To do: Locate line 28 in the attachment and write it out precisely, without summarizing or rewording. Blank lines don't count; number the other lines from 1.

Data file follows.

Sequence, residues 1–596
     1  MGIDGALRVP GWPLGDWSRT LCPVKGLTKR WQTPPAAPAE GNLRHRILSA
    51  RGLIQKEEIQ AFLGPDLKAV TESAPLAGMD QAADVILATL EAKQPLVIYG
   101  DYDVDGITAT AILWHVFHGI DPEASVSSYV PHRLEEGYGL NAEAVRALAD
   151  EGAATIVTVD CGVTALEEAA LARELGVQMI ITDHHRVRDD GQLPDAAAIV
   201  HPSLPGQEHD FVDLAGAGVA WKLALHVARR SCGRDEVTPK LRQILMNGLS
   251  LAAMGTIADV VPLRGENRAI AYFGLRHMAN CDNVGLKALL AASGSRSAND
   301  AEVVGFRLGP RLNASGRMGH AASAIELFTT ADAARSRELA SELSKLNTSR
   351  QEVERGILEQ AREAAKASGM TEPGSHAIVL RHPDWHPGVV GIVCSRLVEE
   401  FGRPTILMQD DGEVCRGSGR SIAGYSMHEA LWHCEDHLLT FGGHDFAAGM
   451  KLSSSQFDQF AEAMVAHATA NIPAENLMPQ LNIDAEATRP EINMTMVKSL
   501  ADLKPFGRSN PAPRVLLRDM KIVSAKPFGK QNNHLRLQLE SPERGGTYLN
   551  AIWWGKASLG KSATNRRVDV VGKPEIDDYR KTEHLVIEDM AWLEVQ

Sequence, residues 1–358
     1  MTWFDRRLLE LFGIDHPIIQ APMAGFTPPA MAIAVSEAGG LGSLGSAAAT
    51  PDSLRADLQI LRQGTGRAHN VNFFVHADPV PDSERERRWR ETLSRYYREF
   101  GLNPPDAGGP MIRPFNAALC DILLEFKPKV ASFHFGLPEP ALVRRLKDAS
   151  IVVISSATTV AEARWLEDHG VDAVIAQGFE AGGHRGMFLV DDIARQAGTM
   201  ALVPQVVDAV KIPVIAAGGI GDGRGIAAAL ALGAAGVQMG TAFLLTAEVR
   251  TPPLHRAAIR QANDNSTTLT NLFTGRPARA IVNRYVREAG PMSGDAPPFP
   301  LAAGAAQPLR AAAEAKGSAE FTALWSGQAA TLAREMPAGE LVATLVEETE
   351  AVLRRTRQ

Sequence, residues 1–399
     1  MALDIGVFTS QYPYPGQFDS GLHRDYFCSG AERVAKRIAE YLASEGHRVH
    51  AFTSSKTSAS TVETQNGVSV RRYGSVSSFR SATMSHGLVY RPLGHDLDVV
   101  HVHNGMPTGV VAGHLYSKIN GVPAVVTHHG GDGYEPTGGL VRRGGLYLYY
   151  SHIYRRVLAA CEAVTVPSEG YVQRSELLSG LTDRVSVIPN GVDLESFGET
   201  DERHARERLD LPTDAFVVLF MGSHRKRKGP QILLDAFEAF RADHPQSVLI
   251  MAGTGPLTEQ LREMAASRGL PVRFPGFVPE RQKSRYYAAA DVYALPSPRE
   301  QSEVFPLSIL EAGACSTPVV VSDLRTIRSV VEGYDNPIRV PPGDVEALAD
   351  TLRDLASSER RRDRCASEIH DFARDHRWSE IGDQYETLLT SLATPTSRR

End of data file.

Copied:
   201  DERHARERLD LPTDAFVVLF MGSHRKRKGP QILLDAFEAF RADHPQSVLI